The first decluttering I remember doing when I was perhaps ten or eleven years old. I wanted a more “grown-up” room with more aesthetic appeal. I always liked the “less but something I really love”-approach. I remember it being very hard because I felt guilty for tossing away anything. It was mostly broken pencils and some random plastic junk or a freebie sticker. A tiny bag, and I still felt bad about not wanting to keep that stuff anymore. Most stuff I couldn’t even have gotten rid of without asking my parents anyway.
This same feeling followed me around – I actually could not get rid of my first boyfriend because I somehow felt that when I started something or got something, it was mine to take care of forever. After a long time agonizing, I finally did dump the boyfriend, and I was single for a few years. I wanted to make sure he was a keeper next time so I was very picky! During this time in my early twenties I lived alone and got into my first truly minimalist kick. After losing the boyfriend it got easier to dump stuff too, though I still felt incredibly guilty, and I just didn’t really know what to do with the things.
I lived with quite little, yet I spent too much money on clothes and such. I had a fragile self-esteem and I used stuff to try and make myself more confident, make people like me and think I was cool, and trying to define to myself who I was. It is not uncommon for young people trying to find themselves to go through this, and some people are stuck in the cycle for a lifetime. When I met my now-husband and we moved in together, I lost the control of my living surroundings. Suddenly it wasn’t just my stuff, it was his stuff too and our stuff and I could not make decisions about keeping or not keeping it.And I am an all-or-nothing type of person. So if I didn’t have complete control, I didn’t even try to control our stuff at all. Not even my own – why would I have minimal personal stuff if I still had to live with all my husband’s stuff?
Early on living together, my husband would say that he hated cleaning, because it always made me mad. It made me mad because all the cleaning never made it look like I wanted. There was simply too much stuff. Yet it never occurred to me to talk about it and decide how we could make things better together. Until it did. I read Karen Kingston’s “Clear your clutter with feng shui”, and gave it my husband to read. It was an epiphany for both of us. I got my husband on board decluttering and it was great, but it was just the start of our journey a few years ago.
I was in art school and it meant A LOT of stuff. I was a prolific painter all through school and they made us students work hard. I have since got a separate studio (a separate headache!) so that stuff stopped spilling into our everyday living. There were other obstacles though. I’m mildly bi-polar (how fitting for an artist..) and after losing my mother and getting pregnant with my daughter, I just went a bit nuts with decorating our home, and buying baby clothes, and starting large scale craft endeavors, you know, things like that :). Soon after those patterned wallpapers were up I was regretting them, and my enthusiasm for the new craft hobby / business faded in a few months leaving we with bags and piles of materials.. And I realized I’d spent tons of money on clothes for a baby AND that now I had to figure out where to store all those clothes! Needless to say a lot of it was stuff we never ended up using anyway. Turns out I am not a mom who will dress her baby in cute outfits, little dresses and tights and such. Go figure.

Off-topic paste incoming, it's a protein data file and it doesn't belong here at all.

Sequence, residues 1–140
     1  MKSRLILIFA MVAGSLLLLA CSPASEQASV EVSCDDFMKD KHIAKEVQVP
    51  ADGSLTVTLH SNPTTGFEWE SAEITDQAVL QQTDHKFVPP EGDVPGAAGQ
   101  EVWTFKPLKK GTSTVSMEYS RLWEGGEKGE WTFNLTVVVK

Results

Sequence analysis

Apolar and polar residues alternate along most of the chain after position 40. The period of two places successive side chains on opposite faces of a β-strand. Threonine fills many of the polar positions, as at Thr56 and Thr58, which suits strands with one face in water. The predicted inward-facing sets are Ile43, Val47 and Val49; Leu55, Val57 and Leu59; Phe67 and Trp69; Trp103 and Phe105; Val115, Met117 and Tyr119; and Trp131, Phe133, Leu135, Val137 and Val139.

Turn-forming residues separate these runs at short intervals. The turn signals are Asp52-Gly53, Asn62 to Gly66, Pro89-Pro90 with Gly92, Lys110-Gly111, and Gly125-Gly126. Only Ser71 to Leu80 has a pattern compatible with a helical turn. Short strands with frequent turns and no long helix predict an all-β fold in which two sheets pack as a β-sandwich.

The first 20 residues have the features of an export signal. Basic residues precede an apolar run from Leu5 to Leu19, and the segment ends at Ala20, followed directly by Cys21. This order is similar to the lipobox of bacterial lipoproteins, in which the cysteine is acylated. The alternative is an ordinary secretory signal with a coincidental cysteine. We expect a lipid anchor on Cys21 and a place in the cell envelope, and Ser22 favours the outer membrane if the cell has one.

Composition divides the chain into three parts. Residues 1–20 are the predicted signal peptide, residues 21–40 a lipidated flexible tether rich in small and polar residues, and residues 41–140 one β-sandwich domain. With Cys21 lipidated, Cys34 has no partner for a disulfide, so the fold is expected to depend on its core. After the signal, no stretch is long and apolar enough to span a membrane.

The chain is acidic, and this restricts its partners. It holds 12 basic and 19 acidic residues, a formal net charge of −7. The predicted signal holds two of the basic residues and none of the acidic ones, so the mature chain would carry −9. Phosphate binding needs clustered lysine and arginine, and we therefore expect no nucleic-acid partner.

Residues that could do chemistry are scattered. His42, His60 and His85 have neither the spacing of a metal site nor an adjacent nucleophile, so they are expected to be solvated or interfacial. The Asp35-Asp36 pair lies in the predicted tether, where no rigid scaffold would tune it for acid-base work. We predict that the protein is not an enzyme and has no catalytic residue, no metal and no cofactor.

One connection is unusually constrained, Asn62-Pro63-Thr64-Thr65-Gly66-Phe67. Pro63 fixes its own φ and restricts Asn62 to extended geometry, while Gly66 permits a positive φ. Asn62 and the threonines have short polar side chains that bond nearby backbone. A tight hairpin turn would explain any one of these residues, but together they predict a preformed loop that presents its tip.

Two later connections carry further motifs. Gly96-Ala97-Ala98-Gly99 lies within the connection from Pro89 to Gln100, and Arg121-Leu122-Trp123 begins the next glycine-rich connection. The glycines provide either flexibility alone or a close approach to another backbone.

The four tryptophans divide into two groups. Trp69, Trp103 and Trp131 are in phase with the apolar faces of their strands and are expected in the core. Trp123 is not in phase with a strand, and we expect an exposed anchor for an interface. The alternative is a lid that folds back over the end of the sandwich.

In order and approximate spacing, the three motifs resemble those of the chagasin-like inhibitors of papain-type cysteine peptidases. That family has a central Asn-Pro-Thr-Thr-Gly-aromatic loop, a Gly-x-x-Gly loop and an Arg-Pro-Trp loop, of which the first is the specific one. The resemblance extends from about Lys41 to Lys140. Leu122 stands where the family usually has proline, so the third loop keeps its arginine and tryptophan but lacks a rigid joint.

The thing is I KNOW my taste, I have pretty much had the same aesthetic ideal for a home since I was seven years old. It was my aunt’s spare, bohemian flat in an old building with some old furniture and hardly any color at all and I remember being very impressed and the images from that apartment followed me as an example of how I wanted my home to look like. But this hasn’t stopped me from derailing from that knowledge. I used to read fashion magazines and decoration magazines and I’d let them influence me, or some weird mood would strike me. I didn’t realize that I could admire colorful, maximalist interiors but it didn’t mean that they were right for me. I will always, ALWAYS end up hating visual noise, be it clutter or patterns or loud colors.
When I was pregnant those things actually made me nauseous. My daughter is now two years old and the last year has been the most important year in my journey towards a minimalist lifestyle. I had to really look at myself, face some demons, and admit things about myself. One HUGE realization (simple as it may seem!) was that the clutter would never stop if I kept bringing in more. I had to get rid of the clutter AND STOP BRINGING IN MORE, whether it was through my own careless shopping to alleviate anxiety, or through gifted items, or through starting another craft project. I had to stop using STUFF to try to heal myself, to express myself. It only ever managed to make me feel worse in the end, and then I’d feel doubly guilty for getting rid of it.